“Small-business confidence saw an uptick this last month, but it was a ho hum, yawn, at-least-it-didn’t-go-down reading. The sub-par recovery persists for the small business sector,” said NFIB chief economist Bill Dunkelberg. “Economic performance is contradictory—corporate profits are at record levels and the stock market hits new highs, yet GDP growth for the past six months has averaged about 1.5 percent and the unemployment rate is 7.5 percent. Nothing in the NFIB data suggests that the small business half of the economy is expanding other than by an amount driven by population growth and associated new business starts now in excess of terminations. The lack of leadership in Washington and the resulting uncertainty depresses consumers’ and business owners’ willingness to spend and invest, and make bets on the future.”
Owners were asked to identify their top business problem: 23 percent cited taxes, 21 percent cited regulations and red tape and 16 percent still cited weak sales. Only 2 percent reported financing as their top business problem. Other highlights include:
- Job Creation. April was another positive, albeit lackluster month for job creation. Small employers reported increasing employment an average of 0.14 workers per firm in April. This is a bit lower than March’s reading, but still the fifth positive sequential monthly gain. Job creation plans rose 6 points to a net six percent planning to increase total employment.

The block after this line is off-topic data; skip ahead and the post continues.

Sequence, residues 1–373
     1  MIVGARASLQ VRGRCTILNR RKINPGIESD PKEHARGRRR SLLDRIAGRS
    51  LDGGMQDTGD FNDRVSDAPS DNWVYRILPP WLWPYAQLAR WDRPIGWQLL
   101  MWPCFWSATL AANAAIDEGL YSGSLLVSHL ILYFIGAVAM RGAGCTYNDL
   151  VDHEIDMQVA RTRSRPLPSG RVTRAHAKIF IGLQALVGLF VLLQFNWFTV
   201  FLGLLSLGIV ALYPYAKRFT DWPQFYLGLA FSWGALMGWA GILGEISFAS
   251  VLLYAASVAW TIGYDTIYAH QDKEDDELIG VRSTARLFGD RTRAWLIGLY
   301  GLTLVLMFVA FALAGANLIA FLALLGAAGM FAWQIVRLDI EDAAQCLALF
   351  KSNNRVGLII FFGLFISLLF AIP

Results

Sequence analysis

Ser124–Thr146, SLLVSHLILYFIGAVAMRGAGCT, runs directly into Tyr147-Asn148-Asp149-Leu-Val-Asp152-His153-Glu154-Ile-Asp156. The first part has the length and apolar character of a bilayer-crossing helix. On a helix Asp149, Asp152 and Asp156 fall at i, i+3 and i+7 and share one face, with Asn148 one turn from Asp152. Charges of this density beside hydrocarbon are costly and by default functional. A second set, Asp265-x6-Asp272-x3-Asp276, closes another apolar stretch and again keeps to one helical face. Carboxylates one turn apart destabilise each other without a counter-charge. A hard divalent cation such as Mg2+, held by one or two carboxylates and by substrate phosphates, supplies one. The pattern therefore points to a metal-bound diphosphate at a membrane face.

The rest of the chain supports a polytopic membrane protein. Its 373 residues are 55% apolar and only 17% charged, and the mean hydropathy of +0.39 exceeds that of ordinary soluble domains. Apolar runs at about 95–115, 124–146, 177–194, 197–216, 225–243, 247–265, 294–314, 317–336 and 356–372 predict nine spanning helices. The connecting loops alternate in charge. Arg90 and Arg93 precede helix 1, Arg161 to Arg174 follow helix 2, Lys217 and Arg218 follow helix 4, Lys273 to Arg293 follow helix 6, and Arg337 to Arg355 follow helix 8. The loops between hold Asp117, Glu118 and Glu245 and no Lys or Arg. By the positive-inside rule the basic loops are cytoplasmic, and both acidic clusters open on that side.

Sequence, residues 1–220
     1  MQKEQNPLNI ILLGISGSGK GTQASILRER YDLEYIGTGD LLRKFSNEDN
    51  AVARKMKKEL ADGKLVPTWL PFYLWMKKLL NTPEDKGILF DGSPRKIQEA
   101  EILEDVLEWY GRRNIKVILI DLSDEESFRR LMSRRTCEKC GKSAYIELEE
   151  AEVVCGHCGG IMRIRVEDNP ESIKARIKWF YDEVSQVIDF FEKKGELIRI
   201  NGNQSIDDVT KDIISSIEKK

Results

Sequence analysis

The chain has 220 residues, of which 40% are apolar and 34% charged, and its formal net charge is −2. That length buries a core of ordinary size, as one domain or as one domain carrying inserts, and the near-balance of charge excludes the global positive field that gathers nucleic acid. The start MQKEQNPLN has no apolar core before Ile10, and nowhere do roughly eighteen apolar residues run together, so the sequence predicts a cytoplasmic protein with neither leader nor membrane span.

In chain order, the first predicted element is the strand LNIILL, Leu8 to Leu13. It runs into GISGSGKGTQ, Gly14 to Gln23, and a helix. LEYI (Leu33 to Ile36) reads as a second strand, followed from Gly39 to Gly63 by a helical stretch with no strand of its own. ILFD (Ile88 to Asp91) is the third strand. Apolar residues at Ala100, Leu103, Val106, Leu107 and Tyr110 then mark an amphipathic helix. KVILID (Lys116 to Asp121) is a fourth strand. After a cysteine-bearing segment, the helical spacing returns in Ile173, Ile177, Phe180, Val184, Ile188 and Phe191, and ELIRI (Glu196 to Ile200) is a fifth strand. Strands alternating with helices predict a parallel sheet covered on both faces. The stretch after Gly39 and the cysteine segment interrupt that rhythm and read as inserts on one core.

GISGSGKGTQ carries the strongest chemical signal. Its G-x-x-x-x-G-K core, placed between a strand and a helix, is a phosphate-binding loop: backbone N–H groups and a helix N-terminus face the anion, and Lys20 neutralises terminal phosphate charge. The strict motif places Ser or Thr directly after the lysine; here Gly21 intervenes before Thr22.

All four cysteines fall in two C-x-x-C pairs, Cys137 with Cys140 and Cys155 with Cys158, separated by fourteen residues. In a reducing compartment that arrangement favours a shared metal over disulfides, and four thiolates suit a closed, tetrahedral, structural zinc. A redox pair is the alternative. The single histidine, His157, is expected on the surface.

- Hard to Fill Job Openings. Forty-nine (49) percent of owners surveyed hired or tried to hire in the last three months and 38 percent (78 percent of those trying to hire or hiring) reported few or no qualified applicants for open positions.
- Sales. The net percent of all owners* reporting higher nominal sales in the first quarter of 2013 compared to the fourth quarter of 2012 rose 3 points to a negative four percent, the best reading in 10 months, although there are still more firms reporting declines than those reporting gains. Sales expectations improved 8 points from March to a net four percent.
- Earnings and Wages. Earnings trends have been on an upward trajectory but were unchanged in April, holding at a net negative 23 percent. Nineteen percent of small employers reported raising compensation and three percent reported reductions in worker compensation, yielding a net 15 percent reporting higher worker compensation (down 1 point from March). A net nine percent of owners plan to raise compensation in the coming months.
- Credit Markets. Thirty-one (31) percent of owners reported that all their credit needs were met; 50 percent explicitly said they did not want a loan (63 percent including those who did not answer the question, presumably uninterested in borrowing as well). Only six percent of owners reported that all their credit needs were not met, down 1 point and only 2 points above the record low.